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Re: What do the ontologists want

From: Sergey Melnik <melnik@db.stanford.edu>
Date: Thu, 17 May 2001 14:07:24 -0700
Message-ID: <3B043D8C.354BEE60@db.stanford.edu>
To: "Peter F. Patel-Schneider" <pfps@research.bell-labs.com>
CC: connolly@w3.org, phayes@ai.uwf.edu, www-rdf-logic@w3.org
"Peter F. Patel-Schneider" wrote:

> [...]
> I think that Pat has precisely characterised the situation.
> There have been numerous posts on this group extolling the virtues of
> reification.  Many times I think that I am listening to late-night
> infomercial:
>         Reification---it chops, it slices, it dices.  No language should be
>         without it.  No language needs more than it.  Get yours now.  Easy
>         payment terms of just endless hours of frustration from now to
>         eternity.
>         [Only partly in jest.]

Despite all due frustration, reification offers a simple mechanism to
address several important modeling capabilities heavily used in almost
all but trivial applications. Let me remind you of some of them using
examples of some important tasks:

- aggregation: pull out a complete description of a book, incl. authors,
     affiliation etc. from a dataset containing multiple book
     Need to know where to prune the graph.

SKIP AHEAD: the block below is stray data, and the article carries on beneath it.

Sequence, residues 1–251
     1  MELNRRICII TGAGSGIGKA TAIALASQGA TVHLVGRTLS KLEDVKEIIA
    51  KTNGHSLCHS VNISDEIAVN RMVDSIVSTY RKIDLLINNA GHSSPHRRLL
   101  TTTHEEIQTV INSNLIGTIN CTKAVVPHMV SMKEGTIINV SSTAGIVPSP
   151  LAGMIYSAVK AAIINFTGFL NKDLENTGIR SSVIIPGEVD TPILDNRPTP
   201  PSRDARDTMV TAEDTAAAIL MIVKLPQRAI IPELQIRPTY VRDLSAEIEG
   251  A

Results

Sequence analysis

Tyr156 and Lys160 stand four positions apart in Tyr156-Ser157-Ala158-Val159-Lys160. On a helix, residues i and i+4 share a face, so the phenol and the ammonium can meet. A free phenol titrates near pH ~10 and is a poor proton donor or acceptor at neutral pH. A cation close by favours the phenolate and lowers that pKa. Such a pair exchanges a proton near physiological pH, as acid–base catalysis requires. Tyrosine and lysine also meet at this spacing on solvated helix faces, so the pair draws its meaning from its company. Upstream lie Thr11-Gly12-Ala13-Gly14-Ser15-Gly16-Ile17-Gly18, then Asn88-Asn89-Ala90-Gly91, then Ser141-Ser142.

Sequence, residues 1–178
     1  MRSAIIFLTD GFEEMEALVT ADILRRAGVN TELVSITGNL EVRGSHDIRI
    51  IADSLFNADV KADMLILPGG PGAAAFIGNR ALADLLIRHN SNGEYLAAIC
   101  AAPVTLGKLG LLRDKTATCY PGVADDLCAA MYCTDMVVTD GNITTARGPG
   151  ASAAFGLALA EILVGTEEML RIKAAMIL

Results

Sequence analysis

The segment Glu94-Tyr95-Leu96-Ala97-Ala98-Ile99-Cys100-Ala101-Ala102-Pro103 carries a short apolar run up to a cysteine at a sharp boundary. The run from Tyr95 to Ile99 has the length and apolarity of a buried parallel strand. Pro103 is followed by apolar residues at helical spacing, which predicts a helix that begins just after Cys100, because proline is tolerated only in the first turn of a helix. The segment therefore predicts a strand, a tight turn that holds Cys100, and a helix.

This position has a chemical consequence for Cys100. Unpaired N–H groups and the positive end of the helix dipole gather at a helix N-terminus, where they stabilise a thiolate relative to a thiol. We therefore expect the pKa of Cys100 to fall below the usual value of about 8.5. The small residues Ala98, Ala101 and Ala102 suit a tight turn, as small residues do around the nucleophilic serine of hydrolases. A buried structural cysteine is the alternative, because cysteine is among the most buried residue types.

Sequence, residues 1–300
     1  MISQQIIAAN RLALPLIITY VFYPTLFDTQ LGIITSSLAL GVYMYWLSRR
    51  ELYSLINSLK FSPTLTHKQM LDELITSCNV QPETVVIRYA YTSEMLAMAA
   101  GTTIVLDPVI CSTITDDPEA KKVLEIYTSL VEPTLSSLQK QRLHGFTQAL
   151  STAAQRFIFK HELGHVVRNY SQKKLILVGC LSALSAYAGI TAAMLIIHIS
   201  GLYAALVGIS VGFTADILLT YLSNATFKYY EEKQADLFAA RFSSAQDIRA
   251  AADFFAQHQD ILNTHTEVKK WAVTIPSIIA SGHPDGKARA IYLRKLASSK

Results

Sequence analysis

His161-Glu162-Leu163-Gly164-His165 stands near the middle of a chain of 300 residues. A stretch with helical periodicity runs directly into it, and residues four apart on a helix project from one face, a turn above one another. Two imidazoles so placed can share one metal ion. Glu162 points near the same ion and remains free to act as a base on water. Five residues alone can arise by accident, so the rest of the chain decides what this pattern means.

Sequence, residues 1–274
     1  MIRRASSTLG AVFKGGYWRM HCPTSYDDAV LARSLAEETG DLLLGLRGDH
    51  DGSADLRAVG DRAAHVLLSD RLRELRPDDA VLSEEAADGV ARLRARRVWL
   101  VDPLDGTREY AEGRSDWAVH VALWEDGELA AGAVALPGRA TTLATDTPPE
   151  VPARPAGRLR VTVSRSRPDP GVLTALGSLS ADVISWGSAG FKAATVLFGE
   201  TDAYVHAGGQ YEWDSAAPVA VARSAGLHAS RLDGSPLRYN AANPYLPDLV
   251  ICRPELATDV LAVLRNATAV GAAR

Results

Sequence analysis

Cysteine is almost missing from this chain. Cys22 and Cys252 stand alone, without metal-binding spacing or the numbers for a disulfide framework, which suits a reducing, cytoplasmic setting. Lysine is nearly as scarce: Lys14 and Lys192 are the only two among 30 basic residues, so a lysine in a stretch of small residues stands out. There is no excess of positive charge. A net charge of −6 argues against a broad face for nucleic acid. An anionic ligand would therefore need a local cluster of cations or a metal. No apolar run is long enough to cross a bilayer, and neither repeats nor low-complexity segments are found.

- ordering: find the first author of a given book.

- nesting: attach a digital signature to a set of statements.

- quotation: enough of it on this list...

RDF folks seem in a tough stance trying to satisfy both XML folks and
logic folks. XML folks want a data structure, and have very pragmatic
and application-centric requirements. Logic folks want a logical
language with well-defined semantics. While this balance is extremely
hard to find, reification is one of the few mechanisms I'm aware of that
looks like a data structure instrument (admittedly, a clumsy one), but
is amenable to forging a logical interpretation around it (which might
not be quite elegant either).

I have serious difficulties in explaining to developers why they should
give up aggregation, ordering, and nesting that come "for free" with
XML, and turn to RDF instead. I have really hard times finding
satisfactory representations for these features in RDF, both from the
perspective of programming convenience and model-theoretic
interpretation. Maybe reification is a wrong hammer for those nails? If
so, can anyone criticizing reification suggest a more suitable mechanism
for handling the aforementioned features that makes both programmers and
logicians happy?

Received on Thursday, 17 May 2001 16:42:40 UTC

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